R: So, if you’re earning 1,000 euros a month…

A: Do you know what the minimum wage is for a person in Venezuela? Three euros a month. And those fortunate enough to earn ten times that, earn thirty euros a month. But you can live on that in Venezuela. Because nowadays, Venezuela is an economy that is completely “dollarized.” The bolívar (the national currency) no longer circulates because the necessary amount doesn’t exist to sustain the exchange, dollar-bolívar. If you have 100 dollares, that would be many millions of bolívares. So all transactions are done with dollars. Where do people get dollars? More than 70% of the population receive support from those who have left the country.

R: Is your family here with you?

A: Here I have one daughter by blood, and two stepchildren. In Venezuela I have two more children, and another daughter who lives in Delaware.

R: Do you miss Venezuela?

A: What happens is that… yes, I miss it. But I miss it, knowing that what I’m missing doesn’t exist anymore. The country has changed completely. And it is the quality of being Venezuelan. The gentility, the humanity, of the Venezuelans. And of course I really, really miss the homeland. Because Venezuela is a country where you can go to the beach twelve months a year. It has an enviable climate. It has places with beach weather twelve months a year, places with snow twelve months a year, and even places that are deserts twelve months a year. Truly, it has a range of climates that is something to miss. And, man, the country is beautiful. What’s bad are its politics. It has dreadful politics, and that has totally ruined the country.

R: What surprised you the most about Spain?

A: What surprised me the most was not something very favorable. It’s the difficulty of working, of finding work. In general, in Spain it’s very hard to find work. And this is surprising when you’re a person used to working every day. For someone like me, who wants to manage his own life, you feel a little useless. I never thought of being a superintendent of a building. And I’m not denigrating, or saying that I’m doing something embarrassing, no. I have a job like any other, a job I like doing, not only for necessity but also because I feel comfortable. In Spain, they want young people with lots of training and lots of experience. I don’t understand that. I don’t understand how you can have a lot of experience, being so young.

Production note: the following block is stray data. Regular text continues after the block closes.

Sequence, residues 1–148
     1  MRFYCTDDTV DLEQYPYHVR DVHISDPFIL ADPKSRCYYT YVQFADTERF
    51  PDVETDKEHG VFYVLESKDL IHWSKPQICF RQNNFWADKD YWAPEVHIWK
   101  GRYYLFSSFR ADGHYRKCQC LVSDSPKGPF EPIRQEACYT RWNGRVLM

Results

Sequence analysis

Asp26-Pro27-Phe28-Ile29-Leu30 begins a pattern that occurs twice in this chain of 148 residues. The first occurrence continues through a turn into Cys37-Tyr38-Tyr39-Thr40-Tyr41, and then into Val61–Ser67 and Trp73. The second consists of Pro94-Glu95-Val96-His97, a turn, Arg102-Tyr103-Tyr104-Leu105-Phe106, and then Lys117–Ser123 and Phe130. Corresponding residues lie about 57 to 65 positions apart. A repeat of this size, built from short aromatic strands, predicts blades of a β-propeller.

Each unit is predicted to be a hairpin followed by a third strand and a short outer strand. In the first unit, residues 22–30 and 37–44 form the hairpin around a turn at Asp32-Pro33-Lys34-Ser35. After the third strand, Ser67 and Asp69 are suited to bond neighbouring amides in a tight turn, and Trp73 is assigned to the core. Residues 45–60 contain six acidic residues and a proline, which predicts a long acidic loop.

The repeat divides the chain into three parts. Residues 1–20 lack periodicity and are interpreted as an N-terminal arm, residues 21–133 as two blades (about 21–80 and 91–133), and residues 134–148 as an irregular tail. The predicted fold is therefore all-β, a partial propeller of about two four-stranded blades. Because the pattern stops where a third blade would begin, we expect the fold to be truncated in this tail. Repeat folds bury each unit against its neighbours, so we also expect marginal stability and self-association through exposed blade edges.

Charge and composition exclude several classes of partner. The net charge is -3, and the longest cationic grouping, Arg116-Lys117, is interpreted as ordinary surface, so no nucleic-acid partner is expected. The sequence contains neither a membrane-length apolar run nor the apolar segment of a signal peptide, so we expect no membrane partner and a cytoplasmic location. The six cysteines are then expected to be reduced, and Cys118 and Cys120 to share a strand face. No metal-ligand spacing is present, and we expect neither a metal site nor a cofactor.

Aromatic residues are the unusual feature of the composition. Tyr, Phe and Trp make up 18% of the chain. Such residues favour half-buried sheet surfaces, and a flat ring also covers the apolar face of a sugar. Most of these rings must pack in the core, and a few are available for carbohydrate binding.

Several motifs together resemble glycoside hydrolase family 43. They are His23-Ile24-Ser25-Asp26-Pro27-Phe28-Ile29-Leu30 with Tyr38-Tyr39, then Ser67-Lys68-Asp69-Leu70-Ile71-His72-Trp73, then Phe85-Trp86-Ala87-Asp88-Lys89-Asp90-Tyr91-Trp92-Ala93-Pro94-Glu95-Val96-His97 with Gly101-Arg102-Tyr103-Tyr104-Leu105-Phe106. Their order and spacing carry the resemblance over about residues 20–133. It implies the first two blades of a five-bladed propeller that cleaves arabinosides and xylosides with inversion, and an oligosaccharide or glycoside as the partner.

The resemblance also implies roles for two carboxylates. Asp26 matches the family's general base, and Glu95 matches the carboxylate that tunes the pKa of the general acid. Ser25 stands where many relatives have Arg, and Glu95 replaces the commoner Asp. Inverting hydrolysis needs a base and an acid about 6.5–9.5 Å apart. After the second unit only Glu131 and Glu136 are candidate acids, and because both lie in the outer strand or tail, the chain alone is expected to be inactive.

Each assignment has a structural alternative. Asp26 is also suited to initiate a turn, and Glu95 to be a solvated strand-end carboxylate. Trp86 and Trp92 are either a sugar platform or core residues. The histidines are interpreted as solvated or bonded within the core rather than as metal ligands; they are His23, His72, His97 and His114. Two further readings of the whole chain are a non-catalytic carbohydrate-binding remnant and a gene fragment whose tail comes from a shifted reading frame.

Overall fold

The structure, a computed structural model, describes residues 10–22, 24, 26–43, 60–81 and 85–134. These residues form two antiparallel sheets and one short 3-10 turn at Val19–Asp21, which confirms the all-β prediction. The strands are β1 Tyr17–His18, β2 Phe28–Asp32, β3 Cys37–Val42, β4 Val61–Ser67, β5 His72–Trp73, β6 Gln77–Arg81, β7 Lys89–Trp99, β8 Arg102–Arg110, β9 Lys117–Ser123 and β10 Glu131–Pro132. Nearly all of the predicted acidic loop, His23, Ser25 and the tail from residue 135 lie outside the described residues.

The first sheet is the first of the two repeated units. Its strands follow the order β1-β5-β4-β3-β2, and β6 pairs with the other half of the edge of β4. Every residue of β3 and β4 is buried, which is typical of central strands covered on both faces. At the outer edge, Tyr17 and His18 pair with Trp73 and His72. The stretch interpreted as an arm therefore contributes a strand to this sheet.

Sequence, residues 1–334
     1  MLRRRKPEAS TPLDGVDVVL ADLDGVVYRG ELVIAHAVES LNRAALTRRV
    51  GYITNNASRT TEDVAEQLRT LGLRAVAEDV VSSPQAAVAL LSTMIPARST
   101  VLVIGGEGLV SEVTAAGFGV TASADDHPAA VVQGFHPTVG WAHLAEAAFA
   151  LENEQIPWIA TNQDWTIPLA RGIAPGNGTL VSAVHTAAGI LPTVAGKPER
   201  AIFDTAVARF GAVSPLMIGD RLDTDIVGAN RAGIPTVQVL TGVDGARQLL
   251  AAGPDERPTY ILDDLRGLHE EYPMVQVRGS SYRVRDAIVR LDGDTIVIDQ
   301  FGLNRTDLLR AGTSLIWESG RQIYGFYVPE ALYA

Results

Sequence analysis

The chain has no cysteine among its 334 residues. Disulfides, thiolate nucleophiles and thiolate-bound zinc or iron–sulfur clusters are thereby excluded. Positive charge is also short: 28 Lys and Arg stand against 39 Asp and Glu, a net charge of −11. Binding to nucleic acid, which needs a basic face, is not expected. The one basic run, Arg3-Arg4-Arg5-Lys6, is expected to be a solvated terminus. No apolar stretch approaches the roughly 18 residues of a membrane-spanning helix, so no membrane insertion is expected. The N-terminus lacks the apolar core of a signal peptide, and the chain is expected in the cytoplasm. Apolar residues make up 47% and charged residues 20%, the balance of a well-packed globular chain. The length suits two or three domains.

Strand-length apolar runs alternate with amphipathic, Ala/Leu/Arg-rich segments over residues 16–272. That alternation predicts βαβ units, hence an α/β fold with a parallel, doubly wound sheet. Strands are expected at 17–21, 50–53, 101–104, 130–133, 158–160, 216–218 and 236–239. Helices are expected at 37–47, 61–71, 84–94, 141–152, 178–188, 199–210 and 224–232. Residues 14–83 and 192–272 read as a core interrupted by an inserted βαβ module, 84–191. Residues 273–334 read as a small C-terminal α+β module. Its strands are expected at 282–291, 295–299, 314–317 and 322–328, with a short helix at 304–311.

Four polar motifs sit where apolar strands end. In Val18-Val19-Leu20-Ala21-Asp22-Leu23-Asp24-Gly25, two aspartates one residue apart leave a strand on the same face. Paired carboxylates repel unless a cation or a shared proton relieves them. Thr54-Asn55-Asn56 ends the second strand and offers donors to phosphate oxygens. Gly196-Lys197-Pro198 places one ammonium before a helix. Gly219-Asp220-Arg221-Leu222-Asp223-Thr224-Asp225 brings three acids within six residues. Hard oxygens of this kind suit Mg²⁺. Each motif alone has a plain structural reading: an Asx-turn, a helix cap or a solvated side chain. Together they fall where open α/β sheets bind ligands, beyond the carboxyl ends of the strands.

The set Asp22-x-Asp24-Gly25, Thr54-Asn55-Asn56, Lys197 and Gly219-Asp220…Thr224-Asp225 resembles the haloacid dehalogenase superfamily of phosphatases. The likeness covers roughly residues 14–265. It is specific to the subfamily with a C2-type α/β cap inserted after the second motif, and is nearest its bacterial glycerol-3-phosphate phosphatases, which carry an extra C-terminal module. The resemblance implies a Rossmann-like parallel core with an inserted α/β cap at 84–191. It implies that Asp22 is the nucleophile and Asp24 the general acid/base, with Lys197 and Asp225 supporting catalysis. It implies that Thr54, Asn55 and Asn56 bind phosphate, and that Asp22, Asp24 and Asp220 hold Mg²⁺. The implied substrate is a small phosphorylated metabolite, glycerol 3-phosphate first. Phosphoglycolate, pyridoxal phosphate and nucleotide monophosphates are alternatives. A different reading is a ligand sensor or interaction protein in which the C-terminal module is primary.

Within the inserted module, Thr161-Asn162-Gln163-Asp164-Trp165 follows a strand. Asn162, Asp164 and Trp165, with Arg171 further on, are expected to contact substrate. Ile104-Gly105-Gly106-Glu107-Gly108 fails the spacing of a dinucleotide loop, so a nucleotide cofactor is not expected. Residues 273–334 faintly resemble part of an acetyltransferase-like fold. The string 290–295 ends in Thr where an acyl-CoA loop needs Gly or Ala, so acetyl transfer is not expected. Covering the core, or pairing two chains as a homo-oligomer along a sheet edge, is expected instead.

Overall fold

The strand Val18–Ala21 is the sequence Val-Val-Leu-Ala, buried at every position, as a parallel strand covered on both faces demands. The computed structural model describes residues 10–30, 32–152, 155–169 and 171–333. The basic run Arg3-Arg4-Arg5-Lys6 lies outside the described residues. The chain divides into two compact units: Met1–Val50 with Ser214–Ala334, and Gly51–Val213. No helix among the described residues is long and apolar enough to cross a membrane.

R: Is there something you like about your life here?

A: There are lots of things in Spain I like. The first is that I have a part of my family here. Not only those who came with me from Venezuela, but also those who were already living here. In Madrid, in Galicia, in Valladolid, for example, or in Bilbao. I like the food and drinks. I have it in my blood because, when I was young, I ate from my grandmother’s hand, who was Spanish. First from my maternal grandmother, who died, and then from my paternal grandmother. Man, Mediterranean food… 

R: Do you like Spanish food more than Venezuelan food?

A: Every cuisine has its pleasure. The good thing about being here, is that here you can eat Spanish food and Venezuelan food, because in Venezuela you have trouble eating even Venezuelan food, since everything is scarce. You eat whatever there is. Do you know the terrible ordeal a Venezuelan has to go through to get a loaf of bread? At six in the morning, you have to be in the doorway of the bakery. Standing in line. There are 150 or 200 people, because those are the 150 or 200 loaves of bread they’re going to make that day. You can buy one loaf of bread, maybe two. And they give you the receipt, and you leave. Then you come back after 2:30 in the evening to pick up the bread.